Forensically-sound analysis of security risks of using local password managers
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AbstractPassword managers address the usability challenge of authentication, i.e., to manage the effort in creating, memorising, and entering complex passwords for an end-user. Offering features such as creating strong passwords, managing increasing number of complex passwords, and auto-filling of passwords for variable contexts, their security is as critical as the assets being protected by the passwords. Previous security risk analyses have focused primarily on cloud- and browser-based password managers, whilst the security risks of local password managers were left under-explored. Taking a systematic forensic analysis approach, this paper reports on a case study of three popular local password managers: KeePass (v2.28), Password Safe (v3.35.1) and RoboForm (v7.9.12). It revealed risks that either the master password or the content of the password database could be found unencrypted in Temp folders, Page files or Recycle bin, even after applications had been closed. As a consequence, an attacker or a malware with access to the computer on which the password managers were running may be able to steal sensitive information, even though these password managers are meant to keep the databases encrypted and protected at all times. These findings point to directions to mitigate the identified risks.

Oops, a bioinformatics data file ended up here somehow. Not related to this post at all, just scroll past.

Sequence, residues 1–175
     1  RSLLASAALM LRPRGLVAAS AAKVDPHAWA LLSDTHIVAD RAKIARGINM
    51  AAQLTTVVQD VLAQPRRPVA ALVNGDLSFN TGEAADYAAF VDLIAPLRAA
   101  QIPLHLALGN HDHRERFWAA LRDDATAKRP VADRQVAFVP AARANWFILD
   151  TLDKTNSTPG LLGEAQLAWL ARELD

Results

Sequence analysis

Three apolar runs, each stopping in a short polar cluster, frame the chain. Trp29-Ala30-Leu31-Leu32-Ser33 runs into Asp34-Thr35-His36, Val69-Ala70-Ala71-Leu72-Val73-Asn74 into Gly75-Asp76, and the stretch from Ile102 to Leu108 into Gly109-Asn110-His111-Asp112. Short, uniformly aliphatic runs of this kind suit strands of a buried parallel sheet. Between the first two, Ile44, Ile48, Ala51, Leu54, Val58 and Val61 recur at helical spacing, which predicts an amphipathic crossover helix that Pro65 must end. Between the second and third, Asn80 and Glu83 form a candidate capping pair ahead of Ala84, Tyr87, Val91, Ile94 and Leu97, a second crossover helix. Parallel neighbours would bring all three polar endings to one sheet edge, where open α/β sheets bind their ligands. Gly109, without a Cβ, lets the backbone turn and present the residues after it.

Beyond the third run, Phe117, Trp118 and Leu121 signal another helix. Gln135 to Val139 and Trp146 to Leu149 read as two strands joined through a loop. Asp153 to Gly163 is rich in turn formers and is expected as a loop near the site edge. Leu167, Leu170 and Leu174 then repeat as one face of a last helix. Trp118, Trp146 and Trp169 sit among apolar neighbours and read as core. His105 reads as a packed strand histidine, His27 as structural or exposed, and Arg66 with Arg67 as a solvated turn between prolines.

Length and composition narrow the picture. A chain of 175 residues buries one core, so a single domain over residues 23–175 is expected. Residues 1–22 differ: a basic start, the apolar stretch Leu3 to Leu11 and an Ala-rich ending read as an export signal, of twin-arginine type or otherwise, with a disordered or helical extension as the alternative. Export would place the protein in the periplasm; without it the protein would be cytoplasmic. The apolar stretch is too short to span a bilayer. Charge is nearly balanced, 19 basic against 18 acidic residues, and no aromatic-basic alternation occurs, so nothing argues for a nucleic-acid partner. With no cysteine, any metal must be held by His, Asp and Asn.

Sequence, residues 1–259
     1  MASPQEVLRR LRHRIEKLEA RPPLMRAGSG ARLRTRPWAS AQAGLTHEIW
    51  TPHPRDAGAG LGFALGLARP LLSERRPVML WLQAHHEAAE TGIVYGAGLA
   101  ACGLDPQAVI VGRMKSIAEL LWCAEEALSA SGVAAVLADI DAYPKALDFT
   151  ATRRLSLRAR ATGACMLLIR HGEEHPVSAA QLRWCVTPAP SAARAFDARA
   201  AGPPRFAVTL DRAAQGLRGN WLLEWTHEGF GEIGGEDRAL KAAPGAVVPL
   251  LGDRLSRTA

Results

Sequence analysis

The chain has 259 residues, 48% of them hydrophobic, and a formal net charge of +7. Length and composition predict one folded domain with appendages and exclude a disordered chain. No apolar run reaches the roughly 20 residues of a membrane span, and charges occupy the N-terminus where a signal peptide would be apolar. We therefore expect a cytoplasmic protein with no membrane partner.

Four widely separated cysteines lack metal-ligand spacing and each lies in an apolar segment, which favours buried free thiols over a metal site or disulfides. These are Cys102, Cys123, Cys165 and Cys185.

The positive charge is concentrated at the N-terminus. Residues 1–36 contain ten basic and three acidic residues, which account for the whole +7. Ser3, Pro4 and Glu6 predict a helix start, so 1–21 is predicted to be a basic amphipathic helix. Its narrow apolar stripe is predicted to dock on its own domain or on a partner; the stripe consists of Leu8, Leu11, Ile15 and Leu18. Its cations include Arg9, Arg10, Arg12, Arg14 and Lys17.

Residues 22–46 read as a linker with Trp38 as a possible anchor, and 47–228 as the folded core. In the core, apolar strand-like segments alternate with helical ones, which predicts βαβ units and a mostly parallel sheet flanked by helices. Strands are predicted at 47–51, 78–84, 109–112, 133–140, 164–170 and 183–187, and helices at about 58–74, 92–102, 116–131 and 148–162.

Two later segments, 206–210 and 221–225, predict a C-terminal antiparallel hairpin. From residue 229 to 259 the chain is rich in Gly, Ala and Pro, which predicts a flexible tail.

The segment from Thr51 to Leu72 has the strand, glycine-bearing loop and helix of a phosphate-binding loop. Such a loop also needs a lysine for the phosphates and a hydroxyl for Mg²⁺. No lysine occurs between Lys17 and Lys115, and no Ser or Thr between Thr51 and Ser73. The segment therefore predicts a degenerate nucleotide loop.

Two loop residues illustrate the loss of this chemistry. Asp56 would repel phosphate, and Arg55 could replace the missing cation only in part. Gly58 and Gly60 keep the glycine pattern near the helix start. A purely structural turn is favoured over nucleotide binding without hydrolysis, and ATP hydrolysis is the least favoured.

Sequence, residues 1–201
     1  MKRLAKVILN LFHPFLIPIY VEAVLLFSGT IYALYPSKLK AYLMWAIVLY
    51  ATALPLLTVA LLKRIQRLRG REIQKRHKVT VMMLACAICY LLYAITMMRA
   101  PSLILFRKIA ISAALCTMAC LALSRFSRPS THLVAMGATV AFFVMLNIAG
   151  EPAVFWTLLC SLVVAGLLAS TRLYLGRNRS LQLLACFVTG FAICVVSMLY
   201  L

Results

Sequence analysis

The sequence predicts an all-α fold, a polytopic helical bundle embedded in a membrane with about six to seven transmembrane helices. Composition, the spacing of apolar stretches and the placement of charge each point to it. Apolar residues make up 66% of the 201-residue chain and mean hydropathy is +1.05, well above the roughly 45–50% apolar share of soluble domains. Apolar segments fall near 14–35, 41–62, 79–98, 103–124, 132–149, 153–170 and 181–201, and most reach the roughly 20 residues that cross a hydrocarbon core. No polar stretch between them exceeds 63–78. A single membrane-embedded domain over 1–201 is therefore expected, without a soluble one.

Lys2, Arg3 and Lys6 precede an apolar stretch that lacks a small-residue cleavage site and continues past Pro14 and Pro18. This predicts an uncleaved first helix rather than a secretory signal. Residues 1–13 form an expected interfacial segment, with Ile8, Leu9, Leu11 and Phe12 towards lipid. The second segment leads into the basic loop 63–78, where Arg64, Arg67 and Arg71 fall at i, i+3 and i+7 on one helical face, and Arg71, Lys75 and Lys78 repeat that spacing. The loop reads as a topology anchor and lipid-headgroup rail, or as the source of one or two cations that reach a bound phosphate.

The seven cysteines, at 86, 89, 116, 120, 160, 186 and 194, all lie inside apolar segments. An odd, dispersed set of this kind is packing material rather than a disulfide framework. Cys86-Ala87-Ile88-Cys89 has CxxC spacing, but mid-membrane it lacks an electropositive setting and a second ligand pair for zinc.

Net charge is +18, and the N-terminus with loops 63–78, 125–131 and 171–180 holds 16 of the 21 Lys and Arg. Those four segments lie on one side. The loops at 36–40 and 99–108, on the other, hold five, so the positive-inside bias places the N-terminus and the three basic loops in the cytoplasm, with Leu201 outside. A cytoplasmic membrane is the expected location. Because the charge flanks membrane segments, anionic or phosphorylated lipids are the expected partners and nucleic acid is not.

CitationGray, Joshua; Franqueira, Virginia N. L. and Yu, Yijun (2016). Forensically-Sound Analysis of Security Risks of using Local Password Managers. In: 1st International Workshop on Requirements Engineering for Investigating and Countering Crime, 13 September 2016, Beijing, IEEE.
PublisherIEEE Computer Society
TypeMeetings and Proceedings